I don't like birthdays. It's not that I've ever had a bad birthday (in fact, they've all been really great so far). It's just that I find the whole concept desperately stupid. But that is not the subject of this post.

Without giving it much thought, people celebrate their birthdays on the same calender date every year, without bothering to account for the fact that leap years are a day longer than other years. This leads to a inconsistency where a person who dies at exactly the same age as another (born in a different year) may actually have lived a day or two longer.

I don't like this, so I propose (for those who do insist on celebrating birthdays) the Birthday Shift, which allows the calender date of the birthday to move around in order to account for the fluctuation caused by leap years. This is not dissimilar to the moving dates and times of the solstices and equinoxes.

For those unfamiliar with the way our calender works, I will briefly explain it. Our calender year is not, as commonly stated, related to the length of time it takes the earth to go around the sun. Our calender year is roughly based on what is called the tropical year, which is the average length of time between any two consecutive solstices or equinoxes. This is on average about 365 days, 5 hours and 49 or so minutes, but it varies in length by a couple of minutes from year to year, depending on which solstice or equinox is measured.

We use what is known as a Gregorian calender year, which attempts to follow the tropical year by using a 365 day year, except in leap years. Leap years occur every fourth year, but not at the turn of the century unless the year is also a multiple of 400. This gives years with an average length of 365 days, 5 hours, 49 minutes and 12 seconds - less than half a minute off from the mean tropical year.

(On a side note: The length of time it takes our planet to complete one orbit starting and ending at it's furthest point from the sun is called an anomalistic year, and is about 25 minutes longer than one Gregorian calender year. The time it takes for the Earth to do one complete orbit relative to a more or less fixed reference frame (such as distant stars) is called a sidereal year, and is 20 minutes longer than one Gregorian calender year.)

What I'm getting at is that the 365 and 366 day years that we use are just an approximation to a 365.2425 day year that our calenders are designed to follow over long periods of time.

I was born in the evening. On the same calender date two years later, my parents celebrated me turning two years old. Although I did indeed turn 730 days old that day, I actually turned 2 years (730.485 days) old the following morning.

I propose that a person's birthday be redefined as the calender day on which that person's age passes an integer value. This will at least enable a person to correctly report their age in years on their birthday. It will result in the date shifting a little from year to year, but with the aid of modern computers, it is not at all difficult to calculate. One simply finds the number of leap days between your birth and the year of interest from

where and are the year in which you were born and the year before the current year if you were born in January or February, or the year after you were born and the current year if you were born in March or later, and the function is given by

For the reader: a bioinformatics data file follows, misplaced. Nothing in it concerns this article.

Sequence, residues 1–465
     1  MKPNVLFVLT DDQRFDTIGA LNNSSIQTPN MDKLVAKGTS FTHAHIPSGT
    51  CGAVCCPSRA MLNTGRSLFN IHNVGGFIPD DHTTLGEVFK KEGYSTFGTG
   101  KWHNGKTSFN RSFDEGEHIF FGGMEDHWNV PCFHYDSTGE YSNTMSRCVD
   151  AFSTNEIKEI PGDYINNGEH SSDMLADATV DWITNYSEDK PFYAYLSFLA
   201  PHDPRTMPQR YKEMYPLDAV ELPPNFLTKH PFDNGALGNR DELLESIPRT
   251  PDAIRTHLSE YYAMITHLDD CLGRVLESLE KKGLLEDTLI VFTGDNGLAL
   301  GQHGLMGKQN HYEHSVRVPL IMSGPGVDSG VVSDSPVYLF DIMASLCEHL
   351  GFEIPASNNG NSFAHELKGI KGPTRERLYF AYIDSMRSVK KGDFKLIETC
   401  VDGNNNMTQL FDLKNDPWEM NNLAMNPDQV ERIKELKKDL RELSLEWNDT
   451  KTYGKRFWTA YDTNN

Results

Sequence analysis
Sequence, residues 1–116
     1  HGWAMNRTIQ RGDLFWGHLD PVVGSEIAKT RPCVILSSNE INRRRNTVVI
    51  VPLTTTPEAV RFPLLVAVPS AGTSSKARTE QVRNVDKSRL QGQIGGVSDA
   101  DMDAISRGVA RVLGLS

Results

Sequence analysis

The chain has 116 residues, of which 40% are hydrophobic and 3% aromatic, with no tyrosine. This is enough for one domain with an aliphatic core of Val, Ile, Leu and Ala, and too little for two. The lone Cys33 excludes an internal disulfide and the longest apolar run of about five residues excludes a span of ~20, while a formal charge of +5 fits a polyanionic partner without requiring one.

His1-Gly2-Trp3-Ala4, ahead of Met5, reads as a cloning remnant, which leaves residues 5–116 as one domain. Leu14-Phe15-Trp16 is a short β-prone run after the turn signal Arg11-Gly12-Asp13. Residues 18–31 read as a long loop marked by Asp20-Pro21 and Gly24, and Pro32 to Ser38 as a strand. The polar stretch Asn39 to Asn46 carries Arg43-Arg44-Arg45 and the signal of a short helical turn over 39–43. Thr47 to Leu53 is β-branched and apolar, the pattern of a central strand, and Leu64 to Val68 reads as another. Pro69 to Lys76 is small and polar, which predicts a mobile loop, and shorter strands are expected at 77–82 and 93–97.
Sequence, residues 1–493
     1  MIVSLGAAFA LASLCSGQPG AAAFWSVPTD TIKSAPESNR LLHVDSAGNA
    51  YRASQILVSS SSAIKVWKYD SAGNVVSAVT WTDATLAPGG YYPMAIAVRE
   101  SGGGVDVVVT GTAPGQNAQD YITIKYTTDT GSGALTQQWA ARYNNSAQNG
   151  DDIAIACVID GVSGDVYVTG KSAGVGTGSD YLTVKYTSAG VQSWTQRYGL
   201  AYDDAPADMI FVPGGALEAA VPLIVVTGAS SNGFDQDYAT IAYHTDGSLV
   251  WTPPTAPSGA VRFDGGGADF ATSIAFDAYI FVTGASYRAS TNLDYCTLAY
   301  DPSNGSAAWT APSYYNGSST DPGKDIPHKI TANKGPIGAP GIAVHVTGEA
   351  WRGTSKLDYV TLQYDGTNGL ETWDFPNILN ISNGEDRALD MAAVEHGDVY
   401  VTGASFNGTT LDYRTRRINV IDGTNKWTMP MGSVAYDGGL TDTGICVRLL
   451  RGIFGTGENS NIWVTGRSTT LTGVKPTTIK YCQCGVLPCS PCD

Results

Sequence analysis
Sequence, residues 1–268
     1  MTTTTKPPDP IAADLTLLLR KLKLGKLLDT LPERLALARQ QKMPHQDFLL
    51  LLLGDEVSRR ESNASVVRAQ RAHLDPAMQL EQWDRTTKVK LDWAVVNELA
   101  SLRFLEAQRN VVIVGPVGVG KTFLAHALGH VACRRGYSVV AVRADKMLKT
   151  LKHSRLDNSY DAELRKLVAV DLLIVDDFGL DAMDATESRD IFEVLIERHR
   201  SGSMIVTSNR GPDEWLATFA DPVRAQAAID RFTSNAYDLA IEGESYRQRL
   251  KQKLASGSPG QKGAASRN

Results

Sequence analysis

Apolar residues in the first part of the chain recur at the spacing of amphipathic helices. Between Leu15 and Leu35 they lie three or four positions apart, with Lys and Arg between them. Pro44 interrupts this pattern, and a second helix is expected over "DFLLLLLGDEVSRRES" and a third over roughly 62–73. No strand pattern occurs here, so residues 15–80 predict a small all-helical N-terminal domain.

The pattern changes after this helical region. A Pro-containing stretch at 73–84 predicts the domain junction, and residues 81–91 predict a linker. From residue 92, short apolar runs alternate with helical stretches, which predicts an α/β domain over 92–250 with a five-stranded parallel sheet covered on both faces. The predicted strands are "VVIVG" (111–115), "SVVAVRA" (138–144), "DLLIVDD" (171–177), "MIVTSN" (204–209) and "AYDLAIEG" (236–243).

The total shift, in hours is then simply given by

I created a spreadsheet that calculates the deviation of the proposed corrected birthday from the traditional birthday in hours, for any combination of year and birth year between 1600 CE and 2400 CE. The shift runs on a 400 year cycle, and exceeds 24 hours for everyone, although occasionally not in a human life time. If you happened to be born in the 101st year of a cycle (i.e. 1701 or 2101), you would have to live to the age of 367 to see it happen. However, if you were born in the years 1696, 1697, 1698, 1796, 1797, 1798, 1896, 1897 or 1898, the shift would have exceeded 24 hours by your fifth birthday. I'd guess that the earliest any of my readers (i.e. people born between 1960 and 2000) could expect a shift would be at the age of 37 for those born in the year preceding a leap year. These people will also be subjected to a 36 hour shift in the year of their 101st birthday.

Should advances in medicine manage to keep people born in the years 1903, 1907, 1911 alive to the age of 185 (which I seriously doubt), they will experience shifts of over 50 hours. Those born in 1903 will have such a shift in 2088, 2092 and 2096.

Consider a more typical case of a person who happened to be born, for arguments sake, at noon on the 5th of February 1983. The actual day on which they are born makes absolutely no difference, provided it is before the end of February. The graph below shows the gradual shifting of the birthday from year to year.

The shift is quite significant, and if the person in question were to live to the age of 120, they should celebrate only 22.5% of their birthdays on the 5th, 74.2% on the 4th, and 3.3% on the 3rd.

Interestingly enough, the graph follows roughly the same pattern as the time of the summer solstice (which is not surprising, since they are driven by the same underlying mechanics).

I wonder if astrologers actually bother to account for the difference between date from year to year. In fact, astrology should use the sidereal year (since it's the one that's fixed relative to the stars) rather than a Gregorian calender year. The resulting shift is magnified by an average of 46% over the first 80 years of a person's life in the sidereal calender, and it loses its periodicity. The cut off points for a certain zodiac sign would have to move about by a couple of days from year to year.

Without giving it much thought, people celebrate their birthdays on the same calender date every year, without bothering to account for the fact that leap years are a day longer than other years. This leads to a inconsistency where a person who dies at exactly the same age as another (born in a different year) may actually have lived a day or two longer.